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Valiant

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Your last sentence is unclear. Do you mean "Jason's car hit two obstacles, not vehicles."?

So many random factors like that road surface being gravel contributed to this sad case. If you add them together (road surface, surrounding terrain, stripping off clothes, potential drug use, no moon or street lights, very few homes where he could have found help, etc.) it's just perfect storm for an intractable mystery.

Then the inadequate LE response means the critical first hours were bungled (of course some of the same challenges Jason faced impacted the response also).

Sad.
Yes, two obstacles, no other vehicles. Sorry! I was able to fix my post.
 

JurassicParker

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Have they ever stated how fast they think he was going when he crashed? Stoned, lost and in the dark. I can't see him driving fast under those circumstances. He would need to be going a significant speed to get that kind of damage to his car. I'm not buying it. JMO.
 

branmuffin

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Confirmation bias. If you’ve already made up your mind that there was no foul play, in the future there’s no reason to look for evidence of foul play.

This approach was evident very early on in this case, when LE towed the car almost immediately upon finding it. How hard is it to submit DNA?

All jmo

LE could collect DNA at every site they attend but what is the criteria they use to collect it? And what do they compare it to? All of Jason's friends who probably were passengers in his vehicle on a regular basis? Family members? The volunteer FF who appears to be first at the scene?

There could be thirty samples of dna found in a vehicle that are not related to any crime. In the Susan Morphew disappearance DNA/fingerprints were found in the glove box of her vehicle that were traced to someone with a criminal record. Who would have access to SM's car? Maybe someone who works at a car wash? Car washes are one of the jobs someone with a felony conviction can work at.

I think the first responders at the scene of Jason's car were shortsighted in deciding that the accident scene was the result of a single car accident related to impairment. There was no evidence someone was with him. The items found suggested a lone occupant probably under the influence of drugs and/or alcohol. There was really nothing to suggest foul play. However, it was a huge oversight to leave personal belongings of Jason's on the road for his father to find, which was unnecessarily cruel, imo, and smacks of lazy investigation techniques.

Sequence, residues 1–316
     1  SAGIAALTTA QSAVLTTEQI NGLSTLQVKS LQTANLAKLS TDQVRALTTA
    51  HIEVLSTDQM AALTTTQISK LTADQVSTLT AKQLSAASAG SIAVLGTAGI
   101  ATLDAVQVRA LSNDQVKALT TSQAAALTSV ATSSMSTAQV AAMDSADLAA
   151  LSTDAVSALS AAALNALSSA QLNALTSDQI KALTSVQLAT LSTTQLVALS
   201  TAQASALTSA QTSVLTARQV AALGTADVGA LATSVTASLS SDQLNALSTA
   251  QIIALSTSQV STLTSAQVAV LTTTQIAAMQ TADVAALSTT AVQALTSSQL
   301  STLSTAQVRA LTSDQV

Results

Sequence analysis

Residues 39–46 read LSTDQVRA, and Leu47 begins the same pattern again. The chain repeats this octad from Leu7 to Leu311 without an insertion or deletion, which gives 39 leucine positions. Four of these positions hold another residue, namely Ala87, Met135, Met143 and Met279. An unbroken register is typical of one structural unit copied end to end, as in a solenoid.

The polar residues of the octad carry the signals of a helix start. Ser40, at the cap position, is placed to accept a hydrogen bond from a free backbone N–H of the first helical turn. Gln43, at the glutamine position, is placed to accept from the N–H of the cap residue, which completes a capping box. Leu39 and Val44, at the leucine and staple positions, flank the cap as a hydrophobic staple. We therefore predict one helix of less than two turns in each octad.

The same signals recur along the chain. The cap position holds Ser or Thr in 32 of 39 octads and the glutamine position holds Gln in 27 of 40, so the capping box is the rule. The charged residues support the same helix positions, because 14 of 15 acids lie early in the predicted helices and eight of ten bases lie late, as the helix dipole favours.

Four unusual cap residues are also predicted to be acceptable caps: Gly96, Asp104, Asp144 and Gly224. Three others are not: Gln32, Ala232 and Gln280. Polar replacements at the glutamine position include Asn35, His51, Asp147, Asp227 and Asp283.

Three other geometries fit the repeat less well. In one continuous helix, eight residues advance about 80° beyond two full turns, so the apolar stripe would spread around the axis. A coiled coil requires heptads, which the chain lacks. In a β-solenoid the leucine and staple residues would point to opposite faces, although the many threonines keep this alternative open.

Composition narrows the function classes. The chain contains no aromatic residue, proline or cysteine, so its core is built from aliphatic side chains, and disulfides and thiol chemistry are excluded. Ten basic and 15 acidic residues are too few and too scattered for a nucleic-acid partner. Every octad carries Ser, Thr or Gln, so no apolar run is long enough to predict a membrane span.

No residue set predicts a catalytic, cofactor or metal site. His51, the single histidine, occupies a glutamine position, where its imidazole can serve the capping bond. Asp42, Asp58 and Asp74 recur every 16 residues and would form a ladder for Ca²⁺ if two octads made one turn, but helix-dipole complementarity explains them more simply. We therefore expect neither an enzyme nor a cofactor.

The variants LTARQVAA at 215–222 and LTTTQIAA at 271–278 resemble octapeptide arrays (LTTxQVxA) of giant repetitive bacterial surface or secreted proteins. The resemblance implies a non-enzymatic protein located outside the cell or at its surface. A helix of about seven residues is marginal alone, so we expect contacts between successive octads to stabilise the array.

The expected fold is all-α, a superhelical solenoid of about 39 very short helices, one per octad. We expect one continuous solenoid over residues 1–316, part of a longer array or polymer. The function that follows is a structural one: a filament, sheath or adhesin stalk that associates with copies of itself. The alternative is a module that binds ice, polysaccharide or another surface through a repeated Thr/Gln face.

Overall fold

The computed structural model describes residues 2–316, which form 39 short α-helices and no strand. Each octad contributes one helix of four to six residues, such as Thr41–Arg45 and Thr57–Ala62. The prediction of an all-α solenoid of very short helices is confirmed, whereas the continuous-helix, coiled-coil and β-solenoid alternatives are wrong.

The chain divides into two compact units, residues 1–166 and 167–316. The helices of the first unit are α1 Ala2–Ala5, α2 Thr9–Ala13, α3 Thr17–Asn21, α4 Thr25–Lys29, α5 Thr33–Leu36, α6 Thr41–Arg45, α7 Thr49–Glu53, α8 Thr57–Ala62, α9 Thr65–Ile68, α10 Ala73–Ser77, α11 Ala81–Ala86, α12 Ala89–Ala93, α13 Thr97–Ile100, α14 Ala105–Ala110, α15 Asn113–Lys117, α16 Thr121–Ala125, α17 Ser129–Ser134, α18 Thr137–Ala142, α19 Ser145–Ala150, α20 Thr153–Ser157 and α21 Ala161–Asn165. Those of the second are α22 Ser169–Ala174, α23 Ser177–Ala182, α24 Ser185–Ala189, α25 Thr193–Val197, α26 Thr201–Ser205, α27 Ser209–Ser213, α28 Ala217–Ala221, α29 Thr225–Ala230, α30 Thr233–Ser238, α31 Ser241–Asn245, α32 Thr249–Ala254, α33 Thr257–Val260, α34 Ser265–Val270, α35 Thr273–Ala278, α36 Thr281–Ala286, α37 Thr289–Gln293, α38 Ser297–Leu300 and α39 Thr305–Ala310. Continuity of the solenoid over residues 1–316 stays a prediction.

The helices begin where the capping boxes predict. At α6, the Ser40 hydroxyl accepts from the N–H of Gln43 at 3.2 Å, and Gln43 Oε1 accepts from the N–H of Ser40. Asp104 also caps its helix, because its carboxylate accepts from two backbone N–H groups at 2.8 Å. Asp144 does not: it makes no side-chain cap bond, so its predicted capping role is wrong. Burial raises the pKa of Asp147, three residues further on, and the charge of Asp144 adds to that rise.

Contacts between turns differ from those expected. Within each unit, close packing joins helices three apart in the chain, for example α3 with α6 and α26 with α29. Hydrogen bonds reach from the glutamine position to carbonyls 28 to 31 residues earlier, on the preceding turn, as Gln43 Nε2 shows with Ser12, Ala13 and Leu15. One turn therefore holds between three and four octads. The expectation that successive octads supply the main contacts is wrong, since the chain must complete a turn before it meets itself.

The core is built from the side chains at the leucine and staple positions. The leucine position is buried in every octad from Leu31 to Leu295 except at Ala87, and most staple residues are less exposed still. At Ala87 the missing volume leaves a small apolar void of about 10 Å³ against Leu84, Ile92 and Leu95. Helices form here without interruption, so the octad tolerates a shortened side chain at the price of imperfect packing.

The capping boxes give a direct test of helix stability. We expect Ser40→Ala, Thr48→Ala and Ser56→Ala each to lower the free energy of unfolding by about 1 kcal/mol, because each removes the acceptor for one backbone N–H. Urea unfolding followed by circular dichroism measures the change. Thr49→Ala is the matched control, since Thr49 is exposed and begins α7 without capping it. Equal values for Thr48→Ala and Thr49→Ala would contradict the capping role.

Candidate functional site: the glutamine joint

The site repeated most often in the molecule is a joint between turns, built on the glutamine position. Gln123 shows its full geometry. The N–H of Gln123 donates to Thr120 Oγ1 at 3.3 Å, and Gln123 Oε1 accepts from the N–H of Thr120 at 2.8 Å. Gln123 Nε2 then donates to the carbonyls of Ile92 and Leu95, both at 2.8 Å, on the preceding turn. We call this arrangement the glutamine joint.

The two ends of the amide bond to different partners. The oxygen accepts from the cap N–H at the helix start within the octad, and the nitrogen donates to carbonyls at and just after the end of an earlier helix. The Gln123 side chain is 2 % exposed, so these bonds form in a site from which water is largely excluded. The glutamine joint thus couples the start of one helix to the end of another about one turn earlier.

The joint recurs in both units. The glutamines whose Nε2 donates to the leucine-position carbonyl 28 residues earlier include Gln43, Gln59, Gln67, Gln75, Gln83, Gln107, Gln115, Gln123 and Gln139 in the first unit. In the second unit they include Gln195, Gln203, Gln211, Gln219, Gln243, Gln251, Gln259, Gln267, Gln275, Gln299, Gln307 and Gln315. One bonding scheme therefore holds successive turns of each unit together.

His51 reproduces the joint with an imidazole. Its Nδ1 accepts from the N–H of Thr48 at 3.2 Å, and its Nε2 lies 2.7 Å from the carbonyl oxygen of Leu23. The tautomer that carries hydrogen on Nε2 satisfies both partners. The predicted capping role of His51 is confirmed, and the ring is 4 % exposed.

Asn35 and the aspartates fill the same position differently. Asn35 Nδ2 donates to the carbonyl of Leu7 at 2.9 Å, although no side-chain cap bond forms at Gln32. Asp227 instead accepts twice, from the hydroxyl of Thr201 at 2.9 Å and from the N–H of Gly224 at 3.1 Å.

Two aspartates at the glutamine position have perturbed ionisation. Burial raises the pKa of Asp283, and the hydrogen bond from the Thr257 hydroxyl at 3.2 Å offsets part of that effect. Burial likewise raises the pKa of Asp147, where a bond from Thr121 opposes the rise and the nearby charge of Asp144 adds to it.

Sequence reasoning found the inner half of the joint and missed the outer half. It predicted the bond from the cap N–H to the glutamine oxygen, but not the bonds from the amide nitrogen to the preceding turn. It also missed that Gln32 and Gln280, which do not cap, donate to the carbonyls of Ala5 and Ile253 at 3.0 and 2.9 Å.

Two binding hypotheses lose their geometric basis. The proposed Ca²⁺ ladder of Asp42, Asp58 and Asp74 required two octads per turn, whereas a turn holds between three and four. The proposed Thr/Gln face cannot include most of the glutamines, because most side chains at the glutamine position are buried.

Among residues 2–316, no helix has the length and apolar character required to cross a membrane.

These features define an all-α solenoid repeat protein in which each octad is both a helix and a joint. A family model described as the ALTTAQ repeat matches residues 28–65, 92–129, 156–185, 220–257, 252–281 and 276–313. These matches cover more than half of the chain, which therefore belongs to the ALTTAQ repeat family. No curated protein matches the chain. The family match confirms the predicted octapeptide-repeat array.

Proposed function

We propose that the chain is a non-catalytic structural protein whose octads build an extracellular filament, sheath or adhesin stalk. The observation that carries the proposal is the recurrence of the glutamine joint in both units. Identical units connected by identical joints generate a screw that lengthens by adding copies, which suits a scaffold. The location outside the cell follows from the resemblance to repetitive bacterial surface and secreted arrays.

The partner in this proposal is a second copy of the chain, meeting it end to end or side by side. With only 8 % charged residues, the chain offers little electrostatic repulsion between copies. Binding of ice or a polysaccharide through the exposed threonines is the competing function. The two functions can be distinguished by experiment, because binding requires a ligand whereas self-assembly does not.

In Texas, LE can collect DNA samples from individuals charged with committing a felony offense, even if they are never prosecuted. They can keep that info indefinitely. You can't compel someone to provide a DNA sample just because. There has to be probable cause. It can't be a fishing expedition. What argument would you provide to a prosecutor to collect DNA from someone familiar with JS to compare to samples found in the vehicle?

And remember most small police departments are usually cash strapped. They don't have the funds to arbitrarily collect and submit samples. JMO
 
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WingsOverTX

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Have they ever stated how fast they think he was going when he crashed? Stoned, lost and in the dark. I can't see him driving fast under those circumstances. He would need to be going a significant speed to get that kind of damage to his car. I'm not buying it. JMO.
Or swerved to avoid a deer or other animal in the road? Maybe he panicked & sped up thinking "I want to get out of here"? Remember the gravel & dust on the road. If you hit your brakes sudden & hard on that surface even going 30 or 40, you might lose control then momentum takes over?